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April 3, 2024

Green horizon by design • Northwest Indiana Business Magazine

Regional architects lead charge in sustainable building practices

Tom Vavrek

As climate change becomes more urgent, so does the challenge to create sustainable buildings.

Tom Vavrek, owner of Vavrek Architects Inc. in Whiting, has seen the field of architecture change as people become more aware of the need for sustainability.

“The discussion of sustainable architecture started when I was in school nearly 30 years ago; however, back then it was considered more of a niche,” Vavrek said. “Today, with concerns over the climate crisis, sustainable design has become a mainstream issue.”

Greg Monberg, the director of architecture for Wightman, said buildings designed before World War II were more sustainable because air conditioning wasn’t widely available then. Electricity also played a part in the movement away from more natural lighting and ventilation.

Greg Monberg
Greg Monberg

“The energy prices of the 1970s started a movement towards sustainability and energy efficiency,” he said.

Since then, he said, standards for energy efficiency and sustainability have pushed designers to think of more efficient ways of building.

According to the World Green Building Council, 47% of building professionals expected the majority of their projects would be sustainable by 2021.

Sustainable architecture will play a pivotal role in reshaping the built environment in communities across the Region.

Buildings are responsible for 40% of the total energy use in the United States, according to the National Renewable Energy Laboratory. They account for 75% of the nation’s electricity consumption and 35% of the nation’s carbon dioxide emissions.

Ryan Anderson
Ryan Anderson

“Based on this, any impactful improvement we can make as an industry will greatly affect total emissions released into our environment,” said Ryan Anderson, architect at Shive-Hattery, a Midwest-based architecture firm.

Climate change is impacting states across the country differently due to variations in geography, climate and industry. The Hoosier state is no different. Its history, steeped in agriculture and manufacturing, has its own set of challenges.

“Sustainability is something very few people thought about when Northwest Indiana was being industrialized over a hundred years ago,” Vavrek said. “In some ways, we continue to pay the price for decisions made by those in the past and will continue to do so for many years to come.”

Sustainable design

The Mascot Hall of Fame
The Mascot Hall of Fame in Whiting
was built on the site of the Standard
Oil Co. refinery from the 1890s. (Photo provided by Vavrek Architects Inc.)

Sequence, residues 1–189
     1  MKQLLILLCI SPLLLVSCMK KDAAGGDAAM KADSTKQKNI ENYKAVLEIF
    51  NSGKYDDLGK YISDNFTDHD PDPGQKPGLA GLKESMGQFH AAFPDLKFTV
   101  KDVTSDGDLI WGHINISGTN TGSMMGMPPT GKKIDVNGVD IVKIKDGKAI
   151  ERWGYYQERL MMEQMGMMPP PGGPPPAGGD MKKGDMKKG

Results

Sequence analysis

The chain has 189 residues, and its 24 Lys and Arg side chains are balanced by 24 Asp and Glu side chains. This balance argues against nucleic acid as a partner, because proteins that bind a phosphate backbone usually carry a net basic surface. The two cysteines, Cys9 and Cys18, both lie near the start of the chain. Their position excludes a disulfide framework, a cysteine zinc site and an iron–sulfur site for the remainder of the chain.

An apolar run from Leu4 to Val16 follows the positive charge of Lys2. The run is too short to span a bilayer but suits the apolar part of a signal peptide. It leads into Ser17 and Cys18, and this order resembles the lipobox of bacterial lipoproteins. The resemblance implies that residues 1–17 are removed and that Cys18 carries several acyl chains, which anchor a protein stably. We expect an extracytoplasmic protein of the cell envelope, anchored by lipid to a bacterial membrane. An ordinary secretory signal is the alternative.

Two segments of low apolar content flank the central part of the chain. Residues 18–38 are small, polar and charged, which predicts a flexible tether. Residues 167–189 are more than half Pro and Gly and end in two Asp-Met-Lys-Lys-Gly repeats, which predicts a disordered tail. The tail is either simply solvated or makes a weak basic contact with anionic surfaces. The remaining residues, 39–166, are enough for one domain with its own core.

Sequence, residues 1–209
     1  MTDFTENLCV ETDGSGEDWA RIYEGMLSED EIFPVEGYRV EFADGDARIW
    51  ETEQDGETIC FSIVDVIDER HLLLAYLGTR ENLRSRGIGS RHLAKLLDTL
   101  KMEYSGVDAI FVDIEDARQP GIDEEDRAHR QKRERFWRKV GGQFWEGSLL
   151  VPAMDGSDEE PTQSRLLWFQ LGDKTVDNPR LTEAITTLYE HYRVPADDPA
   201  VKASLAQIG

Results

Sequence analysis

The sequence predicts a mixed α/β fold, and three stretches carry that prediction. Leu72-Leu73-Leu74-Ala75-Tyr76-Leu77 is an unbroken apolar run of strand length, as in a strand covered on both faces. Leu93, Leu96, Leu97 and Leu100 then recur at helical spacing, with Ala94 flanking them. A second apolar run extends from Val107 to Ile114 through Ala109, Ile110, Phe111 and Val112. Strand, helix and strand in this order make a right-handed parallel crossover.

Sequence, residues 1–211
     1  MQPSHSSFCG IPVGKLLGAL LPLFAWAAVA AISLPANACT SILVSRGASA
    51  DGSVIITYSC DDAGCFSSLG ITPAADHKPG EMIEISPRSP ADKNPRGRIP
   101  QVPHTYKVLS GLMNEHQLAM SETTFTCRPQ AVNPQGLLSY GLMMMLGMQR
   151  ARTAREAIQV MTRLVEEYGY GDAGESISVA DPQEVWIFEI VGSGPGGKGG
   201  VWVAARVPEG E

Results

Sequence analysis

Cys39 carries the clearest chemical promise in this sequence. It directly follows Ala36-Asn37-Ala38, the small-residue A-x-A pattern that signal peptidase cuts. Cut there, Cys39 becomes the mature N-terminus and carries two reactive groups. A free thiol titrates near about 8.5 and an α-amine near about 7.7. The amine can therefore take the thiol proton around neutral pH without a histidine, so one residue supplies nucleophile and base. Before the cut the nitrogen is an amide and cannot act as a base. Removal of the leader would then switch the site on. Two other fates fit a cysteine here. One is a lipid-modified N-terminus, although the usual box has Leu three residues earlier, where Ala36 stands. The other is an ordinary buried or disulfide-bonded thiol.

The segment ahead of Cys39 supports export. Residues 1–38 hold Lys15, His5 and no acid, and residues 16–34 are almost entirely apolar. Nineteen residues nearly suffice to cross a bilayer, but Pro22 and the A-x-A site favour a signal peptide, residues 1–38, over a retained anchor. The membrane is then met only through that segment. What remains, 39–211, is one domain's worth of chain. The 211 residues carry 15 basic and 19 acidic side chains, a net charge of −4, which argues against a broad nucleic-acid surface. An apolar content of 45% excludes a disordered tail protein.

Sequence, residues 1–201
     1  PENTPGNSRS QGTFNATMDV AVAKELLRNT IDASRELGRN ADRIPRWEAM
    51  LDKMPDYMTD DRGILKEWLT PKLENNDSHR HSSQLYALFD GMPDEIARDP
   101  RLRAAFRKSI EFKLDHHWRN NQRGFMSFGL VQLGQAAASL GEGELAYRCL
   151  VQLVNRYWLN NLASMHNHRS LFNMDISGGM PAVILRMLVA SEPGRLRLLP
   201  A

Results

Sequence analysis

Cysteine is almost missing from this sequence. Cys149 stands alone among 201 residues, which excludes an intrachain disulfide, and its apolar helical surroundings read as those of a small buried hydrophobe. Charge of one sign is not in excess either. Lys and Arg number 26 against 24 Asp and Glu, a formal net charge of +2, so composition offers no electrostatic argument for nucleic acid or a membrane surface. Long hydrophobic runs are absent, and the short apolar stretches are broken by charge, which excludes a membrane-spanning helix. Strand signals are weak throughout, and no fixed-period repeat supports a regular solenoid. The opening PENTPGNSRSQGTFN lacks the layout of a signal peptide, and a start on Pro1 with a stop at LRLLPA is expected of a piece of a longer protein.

Sustainable architecture involves a fundamental shift in design philosophy.

As architects work to devise buildings that are healthier for the environment and for people, they are rethinking traditional designs, materials and construction processes.

“Architects are utilizing many different methods to conserve power, water and maintain better indoor air quality,” Vavrek said. “The means to achieve this can range from the selection of low VOC (volatile organic compound) adhesives and paints to incorporating alternative energy systems.”

Vavrek’s firm designed The Mascot Hall of Fame in Whiting, built on the site of the Standard Oil Co. refinery from the 1890s. The building’s design includes a rain screen system, high-performance glass and broad overhangs to minimize solar heat gain, while still offering views of the lake.

“Many passive approaches can also be incorporated into the design such as studying the building orientation, the effects of landscaping to reduce solar gain and building insulation,” Vavrek said.

Other facilities, like the Veterinary Orthopedic Center in Highland, are taking those concepts a step further.

“People use too much of everything constantly. We are known for wasting,” said Dr. Claude Gendreau, veterinary surgeon and owner of the Veterinary Orthopedic Center in Highland. “We are rich in natural resources, but we still have to conserve them.”

Claude Gendreau
Dr. Claude Gendreau

His facility is LEED certified. Leadership in Energy and Environmental Design is a green building rating system used worldwide. The building features materials with high recycled content and Forest Stewardship Council-certified wood. During construction, waste was reused or recycled.

The Veterinary Orthopedic Center also is an example of a net-zero facility. The concept is a cornerstone of sustainable design.

Net-zero buildings produce as much energy as they consume, creating a balance that mitigates the environmental footprint. The integration of energy-efficient designs, solar panels, wind turbines and other renewable energy systems is a defining feature of net-zero buildings.